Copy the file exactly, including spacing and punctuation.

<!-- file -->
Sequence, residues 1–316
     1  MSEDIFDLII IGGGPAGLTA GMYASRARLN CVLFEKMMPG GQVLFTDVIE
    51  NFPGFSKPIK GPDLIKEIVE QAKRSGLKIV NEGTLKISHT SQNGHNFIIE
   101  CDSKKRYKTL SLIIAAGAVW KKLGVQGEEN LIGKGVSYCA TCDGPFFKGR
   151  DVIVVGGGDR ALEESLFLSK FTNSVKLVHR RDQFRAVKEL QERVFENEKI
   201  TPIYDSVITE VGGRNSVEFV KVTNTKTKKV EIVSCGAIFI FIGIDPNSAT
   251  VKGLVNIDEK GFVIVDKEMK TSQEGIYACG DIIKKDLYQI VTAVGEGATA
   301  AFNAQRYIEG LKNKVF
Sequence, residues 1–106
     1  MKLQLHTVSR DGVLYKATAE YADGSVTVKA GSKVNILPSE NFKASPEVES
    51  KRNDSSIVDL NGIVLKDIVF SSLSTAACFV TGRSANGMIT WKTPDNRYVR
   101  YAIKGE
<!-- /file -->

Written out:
Sequence, residues 1–316
     1  MSEDIFDLII IGGGPAGLTA GMYASRARLN CVLFEKMMPG GQVLFTDVIE
    51  NFPGFSKPIK GPDLIKEIVE QAKRSGLKIV NEGTLKISHT SQNGHNFIIE
   101  CDSKKRYKTL SLIIAAGAVW KKLGVQGEEN LIGKGVSYCA TCDGPFFKGR
   151  DVIVVGGGDR ALEESLFLSK FTNSVKLVHR RDQFRAVKEL QERVFENEKI
   201  TPIYDSVITE VGGRNSVEFV KVTNTKTKKV EIVSCGAIFI FIGIDPNSAT
   251  VKGLVNIDEK GFVIVDKEMK TSQEGIYACG DIIKKDLYQI VTAVGEGATA
   301  AFNAQRYIEG LKNKVF
Sequence, residues 1–106
     1  MKLQLHTVSR DGVLYKATAE YADGSVTVKA GSKVNILPSE NFKASPEVES
    51  KRNDSSIVDL NGIVLKDIVF SSLSTAACFV TGRSANGMIT WKTPDNRYVR
   101  YAIKGE